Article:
Kawasaki Disease - PediaCast 203 -PediaCast

www.pediacast.org [cached]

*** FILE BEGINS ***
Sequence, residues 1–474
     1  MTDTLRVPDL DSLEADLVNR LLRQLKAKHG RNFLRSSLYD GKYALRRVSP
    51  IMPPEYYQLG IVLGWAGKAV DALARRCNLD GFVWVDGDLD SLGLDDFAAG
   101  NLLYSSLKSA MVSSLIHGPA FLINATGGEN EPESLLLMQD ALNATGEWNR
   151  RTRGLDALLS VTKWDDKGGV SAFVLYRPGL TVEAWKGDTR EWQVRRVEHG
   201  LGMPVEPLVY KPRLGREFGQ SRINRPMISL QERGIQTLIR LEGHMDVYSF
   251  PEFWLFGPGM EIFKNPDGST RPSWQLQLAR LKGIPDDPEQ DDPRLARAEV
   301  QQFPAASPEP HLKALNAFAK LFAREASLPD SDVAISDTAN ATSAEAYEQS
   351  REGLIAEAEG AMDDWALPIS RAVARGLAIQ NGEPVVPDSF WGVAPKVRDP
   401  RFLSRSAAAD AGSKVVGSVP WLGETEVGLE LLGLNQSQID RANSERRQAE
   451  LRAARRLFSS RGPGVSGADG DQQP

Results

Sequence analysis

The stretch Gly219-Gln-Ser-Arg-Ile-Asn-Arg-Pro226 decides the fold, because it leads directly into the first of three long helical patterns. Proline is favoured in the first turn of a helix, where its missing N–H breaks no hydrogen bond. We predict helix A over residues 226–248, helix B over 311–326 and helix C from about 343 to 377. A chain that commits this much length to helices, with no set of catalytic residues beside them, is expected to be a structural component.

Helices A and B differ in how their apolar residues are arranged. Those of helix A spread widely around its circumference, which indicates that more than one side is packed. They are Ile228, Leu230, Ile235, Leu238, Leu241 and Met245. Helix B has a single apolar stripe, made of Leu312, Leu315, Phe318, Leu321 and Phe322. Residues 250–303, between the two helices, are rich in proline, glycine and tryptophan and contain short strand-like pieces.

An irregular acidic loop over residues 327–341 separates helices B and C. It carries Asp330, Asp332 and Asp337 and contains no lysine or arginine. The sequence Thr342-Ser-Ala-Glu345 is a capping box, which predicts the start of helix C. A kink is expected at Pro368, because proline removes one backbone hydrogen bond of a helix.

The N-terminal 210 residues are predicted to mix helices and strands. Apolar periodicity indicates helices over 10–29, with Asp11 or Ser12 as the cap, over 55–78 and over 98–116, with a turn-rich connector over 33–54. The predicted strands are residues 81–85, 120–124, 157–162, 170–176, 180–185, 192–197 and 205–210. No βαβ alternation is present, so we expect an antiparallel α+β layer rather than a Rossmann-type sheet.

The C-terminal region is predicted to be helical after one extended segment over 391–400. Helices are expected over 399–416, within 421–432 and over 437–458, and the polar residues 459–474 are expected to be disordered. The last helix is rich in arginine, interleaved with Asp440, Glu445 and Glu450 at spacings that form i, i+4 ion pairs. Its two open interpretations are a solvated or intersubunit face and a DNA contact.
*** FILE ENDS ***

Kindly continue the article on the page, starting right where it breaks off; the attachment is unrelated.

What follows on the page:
Dr Preeti Jaggi and Dr John Kovalchin join Dr Mike Patrick in the PediaCast Studio to discuss Kawasaki Disease.